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L49

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  1. As promised, a couple of comparison shots between the Hornby and Oxford chassis variants of the R1. Maybe an unfair comparison as one is a cut down version and the other has all its full height fittings, but hopefully it shows the differences. The Oxford version is dead on scale length, whereas the Hornby chassis is approx 1.8mm longer. Apologies also for the dubious livery. We have been having a debate recently about whether we have actually seen photos of R1s in olive, or whether we are just so used to seeing the Wrenn one (or Maxitrack) that we all 'think we've seen one in olive. They look nice though!
  2. Thank you for the very comprehensive review. The issue with bowing is one which has plagued us. The best solution I have found is the horizontal reinforcement within the tanks, but the weak spot comes at the front of the tank where it meets the boiler barrel. The height issue comes from the height of the back end of the Jinty motor which is mounted at an angle. I had to thin the area over the firebox down to 0.9mm rather than the 1.5mm which is my preferred thickness for structural parts just to get that little bit more clearance to lower the body onto the chassis. There really isn't a lot of space above that motor! I have been working on an alternative version which fits the Oxford Rail Dean Goods chassis. This has allowed me to reduce the length over buffers to the correct dimension, and brings back the hunkered down look of the prototype. I will hopefully release it in the not too distant future. Obviously this is a more challenging conversion, as it requires some soldering on the chassis to rewire the circuit board which connects the plug to the tender, which obviously has to be removed. I'll try and post a comparison photo later.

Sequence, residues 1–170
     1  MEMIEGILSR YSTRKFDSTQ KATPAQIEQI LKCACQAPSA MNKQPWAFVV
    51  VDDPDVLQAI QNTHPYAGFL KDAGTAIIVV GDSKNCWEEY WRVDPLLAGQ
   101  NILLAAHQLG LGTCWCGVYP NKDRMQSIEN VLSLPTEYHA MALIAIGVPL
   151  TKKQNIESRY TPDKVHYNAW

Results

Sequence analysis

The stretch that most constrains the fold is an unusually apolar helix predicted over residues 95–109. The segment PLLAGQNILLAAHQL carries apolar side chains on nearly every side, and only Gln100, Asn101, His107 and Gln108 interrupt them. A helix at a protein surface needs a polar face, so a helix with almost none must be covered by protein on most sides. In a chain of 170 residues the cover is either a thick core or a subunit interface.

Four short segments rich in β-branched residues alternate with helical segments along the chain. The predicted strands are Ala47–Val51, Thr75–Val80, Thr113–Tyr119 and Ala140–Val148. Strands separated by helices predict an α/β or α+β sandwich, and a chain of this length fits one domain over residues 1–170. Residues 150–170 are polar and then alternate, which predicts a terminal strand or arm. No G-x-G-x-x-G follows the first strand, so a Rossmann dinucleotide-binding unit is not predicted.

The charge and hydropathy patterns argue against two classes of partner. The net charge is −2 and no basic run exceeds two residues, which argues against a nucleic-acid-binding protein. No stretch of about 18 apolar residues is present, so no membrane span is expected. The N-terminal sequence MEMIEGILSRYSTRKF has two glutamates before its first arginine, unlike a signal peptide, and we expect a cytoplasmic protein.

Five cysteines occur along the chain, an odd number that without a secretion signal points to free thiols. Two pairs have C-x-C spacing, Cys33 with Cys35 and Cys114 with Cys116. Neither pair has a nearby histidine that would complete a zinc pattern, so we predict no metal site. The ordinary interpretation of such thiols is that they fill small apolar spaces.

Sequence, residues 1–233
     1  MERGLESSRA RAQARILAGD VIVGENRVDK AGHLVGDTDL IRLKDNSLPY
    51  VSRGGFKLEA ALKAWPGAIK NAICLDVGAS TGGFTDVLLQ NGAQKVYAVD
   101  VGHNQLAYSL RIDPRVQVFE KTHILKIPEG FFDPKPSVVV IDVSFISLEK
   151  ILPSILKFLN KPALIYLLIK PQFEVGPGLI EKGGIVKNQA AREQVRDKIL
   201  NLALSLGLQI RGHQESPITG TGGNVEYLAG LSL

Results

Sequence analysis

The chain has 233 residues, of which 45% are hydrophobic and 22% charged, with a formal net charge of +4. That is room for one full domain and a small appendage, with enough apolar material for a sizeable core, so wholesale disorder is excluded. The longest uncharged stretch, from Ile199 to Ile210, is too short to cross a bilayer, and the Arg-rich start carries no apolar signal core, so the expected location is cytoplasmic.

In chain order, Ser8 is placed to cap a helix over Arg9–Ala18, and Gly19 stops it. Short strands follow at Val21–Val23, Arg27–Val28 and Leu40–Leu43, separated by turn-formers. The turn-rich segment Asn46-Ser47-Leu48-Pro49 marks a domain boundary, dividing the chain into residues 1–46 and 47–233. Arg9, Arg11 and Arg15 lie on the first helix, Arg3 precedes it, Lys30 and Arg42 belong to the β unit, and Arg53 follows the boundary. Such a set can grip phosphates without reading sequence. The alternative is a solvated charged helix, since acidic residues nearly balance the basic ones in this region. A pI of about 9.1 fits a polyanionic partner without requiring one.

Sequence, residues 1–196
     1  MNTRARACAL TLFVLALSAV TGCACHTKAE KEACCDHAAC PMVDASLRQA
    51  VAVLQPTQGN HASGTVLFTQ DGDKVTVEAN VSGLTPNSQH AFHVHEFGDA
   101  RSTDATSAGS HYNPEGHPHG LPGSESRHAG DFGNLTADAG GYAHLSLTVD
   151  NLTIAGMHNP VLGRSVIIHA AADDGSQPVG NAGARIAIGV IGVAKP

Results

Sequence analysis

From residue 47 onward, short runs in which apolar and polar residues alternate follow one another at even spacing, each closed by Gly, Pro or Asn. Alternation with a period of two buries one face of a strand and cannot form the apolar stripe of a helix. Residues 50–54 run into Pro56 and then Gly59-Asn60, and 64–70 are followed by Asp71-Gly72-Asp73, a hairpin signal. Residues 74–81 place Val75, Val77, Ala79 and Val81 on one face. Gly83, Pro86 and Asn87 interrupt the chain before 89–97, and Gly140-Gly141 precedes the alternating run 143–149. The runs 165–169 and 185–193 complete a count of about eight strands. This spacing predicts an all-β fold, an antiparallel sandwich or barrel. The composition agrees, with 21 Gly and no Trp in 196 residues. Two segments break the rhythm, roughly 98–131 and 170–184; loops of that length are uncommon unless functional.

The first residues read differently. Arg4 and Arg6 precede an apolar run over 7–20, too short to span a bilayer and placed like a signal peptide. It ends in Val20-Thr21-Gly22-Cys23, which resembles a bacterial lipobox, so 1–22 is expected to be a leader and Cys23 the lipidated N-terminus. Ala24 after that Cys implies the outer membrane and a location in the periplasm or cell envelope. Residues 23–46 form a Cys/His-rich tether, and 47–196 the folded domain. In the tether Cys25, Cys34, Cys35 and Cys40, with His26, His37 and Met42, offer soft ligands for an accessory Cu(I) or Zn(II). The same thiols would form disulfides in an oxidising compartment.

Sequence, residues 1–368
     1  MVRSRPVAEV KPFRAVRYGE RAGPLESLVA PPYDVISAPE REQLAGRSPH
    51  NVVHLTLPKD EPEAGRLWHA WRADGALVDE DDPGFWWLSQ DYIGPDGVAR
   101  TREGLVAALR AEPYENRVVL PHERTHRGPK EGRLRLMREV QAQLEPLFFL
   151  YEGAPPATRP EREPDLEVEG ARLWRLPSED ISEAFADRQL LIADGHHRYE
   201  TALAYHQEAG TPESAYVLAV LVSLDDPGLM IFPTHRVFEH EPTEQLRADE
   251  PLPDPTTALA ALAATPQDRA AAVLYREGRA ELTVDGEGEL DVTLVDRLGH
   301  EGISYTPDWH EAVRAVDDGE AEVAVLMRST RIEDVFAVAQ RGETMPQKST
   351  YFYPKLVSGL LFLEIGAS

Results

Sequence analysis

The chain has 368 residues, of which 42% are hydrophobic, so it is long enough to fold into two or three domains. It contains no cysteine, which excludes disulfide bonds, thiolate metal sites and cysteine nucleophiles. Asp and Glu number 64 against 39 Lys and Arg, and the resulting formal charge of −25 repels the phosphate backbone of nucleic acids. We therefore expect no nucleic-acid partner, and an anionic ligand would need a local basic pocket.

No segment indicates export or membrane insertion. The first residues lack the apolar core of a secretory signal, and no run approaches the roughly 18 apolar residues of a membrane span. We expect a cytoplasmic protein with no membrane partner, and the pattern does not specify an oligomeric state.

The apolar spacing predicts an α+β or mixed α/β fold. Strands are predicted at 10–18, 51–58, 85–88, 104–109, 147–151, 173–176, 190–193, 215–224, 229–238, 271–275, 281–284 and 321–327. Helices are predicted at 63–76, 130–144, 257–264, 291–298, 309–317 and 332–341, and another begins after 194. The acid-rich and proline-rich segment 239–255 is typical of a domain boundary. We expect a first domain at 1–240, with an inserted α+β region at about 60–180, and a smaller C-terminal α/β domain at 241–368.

3. L49

    Mount Pleasant

    Seven years on and the loss of Mount Pleasant is still a painful one. It is a demonstration of the worst that can happen in a club, when one person who has a larger vocal than modelling repertoir starts to take over. It got to stage where the scenic work was so let down, and was almost impossible to remedy without causing a complete dissolution and fall out in the club that in the end we had to opt to simply stop work and start a completely different project. As with all half finished layout ideas, this one is still in my head to be tackled again one day, but not as a club project!
  4. Sorry folks. It takes a bit of balancing between printing, painting, designing and publicising. I get there in the end!
  5. Hello all. This is a bit of a random post, but I was wondering whether anyone remembers or ever got any photos of this layout. I remember considering it to be absolutely iconic when it appeared in Railway Modeller, probably in the early to mid 90s, and I remember seeing it only once at an exhibition. I have tried googling it, and I have had a look through this group here to see if anyone has made mention if it before, but I have drawn a complete blank. I just want to see it again ti see if it was amazing as I remember.
  6. Cooling in vice... sounds like a visit to Soho police station... Hope she comes out ok. Keep me posted if I can help with anything.
  7. Hi Bruce. I have sent you a PM. The issue seems to be connected to the hot weather, as I have had some issues with the new GER R24 doing similar even after being fully cured for three days or more. I have been experimenting with ways to cure the problem including the cross stay idea, although that is not the most successful. If you run the body under warm to hot water, then it will easily be pushed back Into true. Leave it on its side under some weight to cool and it will be fine.
  8. Unfortunately there were compromises on the NLR tank, largely because the chassis it was designed to fit was H0. I had to remove 3mm overall from the full length of the loco, 1mm between smokebox and tank front, another 1mm from the tank sides, and another 1mm from the cab.